From 1868 until 1909, the land where Lincoln Park now lies was a cemetery, known variously as Golden Gate Cemetery, City Cemetery, and Potter’s Field (then a common name for burial places of people who were indigent or unknown). Thousands were interred here, including more than 4,000 Chinese residents, as well as members of the Italian, French, Japanese, Serbian, and other ethnic communities of San Francisco. In 1909, the land was turned over to the Park Commission, and Lincoln Park, named for President Abraham Lincoln, was dedicated. A 3-hole golf layout had been completed in 1902, but now plans were made for a complete 18-hole course, which was finished in 1917. For 23 years, Lincoln was the city’s only municipal golf course, and in its earliest years charged no fee.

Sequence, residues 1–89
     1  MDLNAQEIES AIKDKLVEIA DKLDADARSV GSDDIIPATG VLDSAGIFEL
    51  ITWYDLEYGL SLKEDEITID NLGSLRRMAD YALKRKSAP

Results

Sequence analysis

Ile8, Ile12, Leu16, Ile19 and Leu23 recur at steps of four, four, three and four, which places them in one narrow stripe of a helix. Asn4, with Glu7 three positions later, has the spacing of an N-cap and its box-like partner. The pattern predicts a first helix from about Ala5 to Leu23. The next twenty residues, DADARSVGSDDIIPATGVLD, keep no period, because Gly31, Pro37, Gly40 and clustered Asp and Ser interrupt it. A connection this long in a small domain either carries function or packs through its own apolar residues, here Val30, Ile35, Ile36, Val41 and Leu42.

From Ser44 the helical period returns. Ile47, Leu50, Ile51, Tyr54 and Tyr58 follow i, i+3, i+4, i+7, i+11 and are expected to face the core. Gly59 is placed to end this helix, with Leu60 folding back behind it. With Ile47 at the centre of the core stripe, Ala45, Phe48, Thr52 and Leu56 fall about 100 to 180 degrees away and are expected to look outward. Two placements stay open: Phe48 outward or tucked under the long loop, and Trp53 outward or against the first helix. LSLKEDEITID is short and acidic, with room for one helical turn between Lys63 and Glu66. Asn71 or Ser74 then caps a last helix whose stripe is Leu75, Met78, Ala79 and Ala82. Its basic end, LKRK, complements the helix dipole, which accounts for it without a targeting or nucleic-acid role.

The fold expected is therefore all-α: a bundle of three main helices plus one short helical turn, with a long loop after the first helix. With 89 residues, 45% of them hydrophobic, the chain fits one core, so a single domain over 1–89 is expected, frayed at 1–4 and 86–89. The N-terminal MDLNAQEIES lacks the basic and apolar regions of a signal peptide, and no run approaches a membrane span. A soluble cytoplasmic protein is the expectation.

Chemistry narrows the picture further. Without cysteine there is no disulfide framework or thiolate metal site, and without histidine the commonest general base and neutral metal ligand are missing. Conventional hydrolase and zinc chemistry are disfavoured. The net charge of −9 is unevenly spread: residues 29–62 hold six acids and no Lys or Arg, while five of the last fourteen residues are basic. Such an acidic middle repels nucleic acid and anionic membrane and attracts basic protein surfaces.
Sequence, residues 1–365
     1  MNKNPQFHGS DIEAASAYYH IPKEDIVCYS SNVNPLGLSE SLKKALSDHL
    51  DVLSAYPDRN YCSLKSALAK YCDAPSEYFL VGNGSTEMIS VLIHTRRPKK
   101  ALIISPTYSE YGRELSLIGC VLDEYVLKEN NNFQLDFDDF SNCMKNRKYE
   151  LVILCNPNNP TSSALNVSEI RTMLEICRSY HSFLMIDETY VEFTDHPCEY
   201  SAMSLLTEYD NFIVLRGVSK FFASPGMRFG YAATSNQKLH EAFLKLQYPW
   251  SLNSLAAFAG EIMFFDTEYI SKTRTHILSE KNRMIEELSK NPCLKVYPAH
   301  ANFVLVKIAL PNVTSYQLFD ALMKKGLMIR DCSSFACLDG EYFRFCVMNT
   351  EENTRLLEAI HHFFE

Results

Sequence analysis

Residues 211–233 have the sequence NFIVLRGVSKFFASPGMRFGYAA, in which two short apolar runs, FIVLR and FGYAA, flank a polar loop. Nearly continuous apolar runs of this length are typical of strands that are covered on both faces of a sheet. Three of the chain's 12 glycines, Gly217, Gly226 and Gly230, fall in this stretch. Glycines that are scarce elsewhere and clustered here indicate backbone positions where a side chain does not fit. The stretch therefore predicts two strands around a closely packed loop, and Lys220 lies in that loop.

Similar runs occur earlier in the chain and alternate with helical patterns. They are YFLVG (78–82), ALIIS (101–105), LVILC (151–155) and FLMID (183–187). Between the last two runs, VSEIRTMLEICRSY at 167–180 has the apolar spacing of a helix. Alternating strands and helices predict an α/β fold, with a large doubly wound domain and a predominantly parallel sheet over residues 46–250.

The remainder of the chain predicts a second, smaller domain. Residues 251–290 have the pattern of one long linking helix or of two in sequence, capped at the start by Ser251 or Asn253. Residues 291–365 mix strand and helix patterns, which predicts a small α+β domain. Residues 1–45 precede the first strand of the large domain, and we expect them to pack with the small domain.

In 1924, the Legion of Honor Museum opened in Lincoln Park. Also known as the California Palace of the Legion of Honor, this fine arts museum, dedicated to the memory of California soldiers who lost their lives in World War I, is a 3/4 scale adaptation of the Palais de la Legion d’Honneur in Paris. The building and its initial collections were funded by sugar baron Adolph Spreckels and his wife, Alma de Bretteville Spreckels, the museum’s founder. From 1992 to 1995, the museum underwent a major renovation that included seismic strengthening and the addition of 6 special exhibition galleries, as well as a glass pyramid skylight. During the renovation, Gold Rush-era remains and artifacts from the former cemetery were discovered still buried below the museum grounds.
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